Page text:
She was also Executive Director of The Second Stage Theatre in New York City. During her tenure at Second Stage, which began in 2006 (through 2009), she was responsible for the purchase contract of the Helen Hayes Theatre, growth in subscription income of 48 percent, and growth in individual giving of 75 percent, as well as conceptualization of a highly successful gala format and “Second Generation,” a giving program through which donors enable deserving New York City youth to experience live theater. Under Ms. Richard’s leadership, Second Stage provided the initial home for the Broadway productions Everyday Rapture, Next to Normal, and The Little Dog Laughed.

From 1983 to 2005, Ms. Richard enjoyed a rich and varied career with Roundabout Theatre Company. The Roundabout that Ms. Richard joined was a small nonprofit theater company in bankruptcy. By the time she departed as Managing Director, Roundabout had become one of the country’s largest and most successful theater companies of its kind, with net assets in excess of $67 million dollars. Ms. Richard is the recipient of six Tony Awards as producer, for Roundabout productions of Cabaret (1998), A View from the Bridge (1998), Side Man (1999), Nine (2003), Assassins (2004), and Glengarry Glen Ross (2005). As producer of more than 125 shows at Roundabout, she had direct supervision of all management and marketing functions. She created Roundabout’s “Theatre-PLUS” programs, which include singles, teachers, family, gay and lesbian, wine tasting, and the 7 p.m. “Early Curtain” series, all of which grew to represent more than 10 percent of Roundabout’s 40,000 subscribers.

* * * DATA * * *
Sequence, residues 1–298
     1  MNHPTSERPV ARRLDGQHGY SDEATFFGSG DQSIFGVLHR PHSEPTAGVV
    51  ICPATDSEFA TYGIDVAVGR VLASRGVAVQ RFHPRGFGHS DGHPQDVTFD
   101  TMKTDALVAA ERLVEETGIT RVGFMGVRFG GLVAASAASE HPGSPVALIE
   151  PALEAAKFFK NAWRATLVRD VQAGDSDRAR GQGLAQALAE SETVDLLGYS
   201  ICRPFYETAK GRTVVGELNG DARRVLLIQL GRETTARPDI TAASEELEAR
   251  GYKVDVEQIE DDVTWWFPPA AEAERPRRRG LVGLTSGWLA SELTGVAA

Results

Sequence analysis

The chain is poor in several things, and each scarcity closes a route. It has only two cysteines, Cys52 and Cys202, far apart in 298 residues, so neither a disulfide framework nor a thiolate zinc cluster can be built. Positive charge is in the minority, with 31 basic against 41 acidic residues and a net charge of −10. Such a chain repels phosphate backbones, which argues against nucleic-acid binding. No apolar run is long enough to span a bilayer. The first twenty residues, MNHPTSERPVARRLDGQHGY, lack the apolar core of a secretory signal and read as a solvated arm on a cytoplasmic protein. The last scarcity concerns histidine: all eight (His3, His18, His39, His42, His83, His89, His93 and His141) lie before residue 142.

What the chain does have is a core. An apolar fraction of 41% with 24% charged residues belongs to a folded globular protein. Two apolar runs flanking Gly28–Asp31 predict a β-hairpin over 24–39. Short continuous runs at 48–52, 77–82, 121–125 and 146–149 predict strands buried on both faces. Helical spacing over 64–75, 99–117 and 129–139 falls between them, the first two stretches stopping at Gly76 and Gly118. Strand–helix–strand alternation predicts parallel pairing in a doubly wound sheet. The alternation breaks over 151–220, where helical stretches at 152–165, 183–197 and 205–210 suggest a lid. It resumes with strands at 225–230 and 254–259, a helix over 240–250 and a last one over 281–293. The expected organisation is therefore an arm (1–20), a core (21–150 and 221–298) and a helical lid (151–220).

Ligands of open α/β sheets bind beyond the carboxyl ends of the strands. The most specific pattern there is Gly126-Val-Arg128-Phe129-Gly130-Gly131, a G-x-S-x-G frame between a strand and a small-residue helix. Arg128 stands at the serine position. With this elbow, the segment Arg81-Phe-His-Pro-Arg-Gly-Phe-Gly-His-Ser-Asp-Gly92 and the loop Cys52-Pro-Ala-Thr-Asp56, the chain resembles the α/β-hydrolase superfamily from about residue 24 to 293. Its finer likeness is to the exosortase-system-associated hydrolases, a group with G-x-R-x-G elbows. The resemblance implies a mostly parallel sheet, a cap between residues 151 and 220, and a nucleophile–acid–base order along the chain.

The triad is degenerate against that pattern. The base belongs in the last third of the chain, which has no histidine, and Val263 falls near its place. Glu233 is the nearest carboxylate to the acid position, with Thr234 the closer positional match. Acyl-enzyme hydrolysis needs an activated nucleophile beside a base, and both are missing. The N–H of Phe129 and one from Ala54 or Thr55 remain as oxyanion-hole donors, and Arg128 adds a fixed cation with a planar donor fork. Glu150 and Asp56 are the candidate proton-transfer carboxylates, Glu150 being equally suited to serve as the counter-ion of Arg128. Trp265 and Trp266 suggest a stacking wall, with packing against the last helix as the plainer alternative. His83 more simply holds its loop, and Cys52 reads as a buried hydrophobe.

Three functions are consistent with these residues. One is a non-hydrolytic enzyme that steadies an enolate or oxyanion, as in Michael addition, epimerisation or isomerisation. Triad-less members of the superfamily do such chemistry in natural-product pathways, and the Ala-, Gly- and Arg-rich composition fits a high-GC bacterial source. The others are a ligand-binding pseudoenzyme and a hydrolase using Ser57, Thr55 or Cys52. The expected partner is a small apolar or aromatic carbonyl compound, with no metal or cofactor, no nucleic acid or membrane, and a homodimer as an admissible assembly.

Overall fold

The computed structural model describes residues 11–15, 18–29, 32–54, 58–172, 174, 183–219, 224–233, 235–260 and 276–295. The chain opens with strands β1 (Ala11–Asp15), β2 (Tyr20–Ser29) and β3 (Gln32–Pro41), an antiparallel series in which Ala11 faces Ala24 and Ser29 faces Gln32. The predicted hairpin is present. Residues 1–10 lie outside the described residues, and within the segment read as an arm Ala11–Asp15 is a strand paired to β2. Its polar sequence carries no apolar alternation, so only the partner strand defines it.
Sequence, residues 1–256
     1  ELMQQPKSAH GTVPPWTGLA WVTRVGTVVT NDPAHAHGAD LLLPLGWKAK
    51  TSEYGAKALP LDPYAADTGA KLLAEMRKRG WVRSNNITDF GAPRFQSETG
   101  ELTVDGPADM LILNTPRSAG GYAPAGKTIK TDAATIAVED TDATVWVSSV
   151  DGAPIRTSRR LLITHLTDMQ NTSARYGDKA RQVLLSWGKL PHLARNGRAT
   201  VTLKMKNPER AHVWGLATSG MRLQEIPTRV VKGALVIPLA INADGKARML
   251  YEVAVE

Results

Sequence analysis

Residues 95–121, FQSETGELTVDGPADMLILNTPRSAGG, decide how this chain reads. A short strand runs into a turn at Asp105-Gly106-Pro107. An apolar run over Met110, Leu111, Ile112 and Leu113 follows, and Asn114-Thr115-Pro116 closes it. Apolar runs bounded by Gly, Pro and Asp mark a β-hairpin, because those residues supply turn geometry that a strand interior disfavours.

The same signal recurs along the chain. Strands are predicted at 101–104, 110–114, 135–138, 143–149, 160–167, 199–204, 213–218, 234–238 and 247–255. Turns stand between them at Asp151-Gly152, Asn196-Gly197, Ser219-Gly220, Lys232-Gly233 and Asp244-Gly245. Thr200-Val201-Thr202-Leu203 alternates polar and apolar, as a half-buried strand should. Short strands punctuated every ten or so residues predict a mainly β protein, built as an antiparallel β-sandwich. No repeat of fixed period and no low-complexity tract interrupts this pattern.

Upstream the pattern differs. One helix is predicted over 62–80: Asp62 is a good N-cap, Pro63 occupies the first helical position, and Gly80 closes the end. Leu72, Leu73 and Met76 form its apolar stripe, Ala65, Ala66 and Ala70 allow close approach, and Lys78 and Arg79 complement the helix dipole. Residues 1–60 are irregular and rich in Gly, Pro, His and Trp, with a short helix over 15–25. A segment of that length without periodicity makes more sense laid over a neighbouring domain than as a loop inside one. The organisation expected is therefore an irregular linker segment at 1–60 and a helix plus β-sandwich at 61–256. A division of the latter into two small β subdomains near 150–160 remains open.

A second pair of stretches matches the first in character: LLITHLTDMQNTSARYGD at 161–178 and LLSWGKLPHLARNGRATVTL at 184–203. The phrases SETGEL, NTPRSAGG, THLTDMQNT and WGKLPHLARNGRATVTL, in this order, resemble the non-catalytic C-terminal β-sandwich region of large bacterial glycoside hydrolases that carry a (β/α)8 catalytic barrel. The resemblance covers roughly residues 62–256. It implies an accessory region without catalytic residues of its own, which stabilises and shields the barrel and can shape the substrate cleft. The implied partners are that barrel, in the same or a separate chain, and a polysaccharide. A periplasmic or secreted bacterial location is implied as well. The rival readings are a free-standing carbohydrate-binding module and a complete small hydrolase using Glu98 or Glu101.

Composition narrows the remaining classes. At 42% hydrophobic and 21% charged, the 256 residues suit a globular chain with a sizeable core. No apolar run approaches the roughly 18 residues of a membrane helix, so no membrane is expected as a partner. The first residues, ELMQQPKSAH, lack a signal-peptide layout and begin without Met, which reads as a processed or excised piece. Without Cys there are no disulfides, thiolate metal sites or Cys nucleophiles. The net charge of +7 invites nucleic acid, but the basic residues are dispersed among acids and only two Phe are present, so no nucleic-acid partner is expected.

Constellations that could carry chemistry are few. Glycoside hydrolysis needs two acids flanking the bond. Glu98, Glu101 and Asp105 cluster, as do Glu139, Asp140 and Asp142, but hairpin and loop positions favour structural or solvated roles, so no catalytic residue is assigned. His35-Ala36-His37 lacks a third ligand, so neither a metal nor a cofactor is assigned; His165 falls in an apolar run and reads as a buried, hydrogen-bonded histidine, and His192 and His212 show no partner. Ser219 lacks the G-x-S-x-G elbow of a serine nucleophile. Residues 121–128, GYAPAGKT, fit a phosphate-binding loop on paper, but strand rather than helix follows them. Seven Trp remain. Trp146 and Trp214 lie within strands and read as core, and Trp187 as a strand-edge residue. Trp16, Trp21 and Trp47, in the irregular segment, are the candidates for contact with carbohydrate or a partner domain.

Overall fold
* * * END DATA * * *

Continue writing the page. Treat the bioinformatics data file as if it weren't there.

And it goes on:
As director of design and construction at Roundabout, Ms. Richard was responsible for more than $50 million of theater construction for 11 projects. She conceptualized the three permanent Roundabout stages — The Broadway venues of Studio 54 and the American Airlines Theatre, and the Off-Broadway venue The Harold and Miriam Steinberg Center for Theatre She directed the location search for Cabaret and oversaw the creation of the production’s environmental Kit Kat Klub. Prior to her tenure at Roundabout, Ms. Richard served as business manager of Westport Country Playhouse, theater manager for Stamford Center for the Arts, and business manager for Atlas Scenic Studio. She began her career working as a stagehand, sound designer, and scenic artist assistant.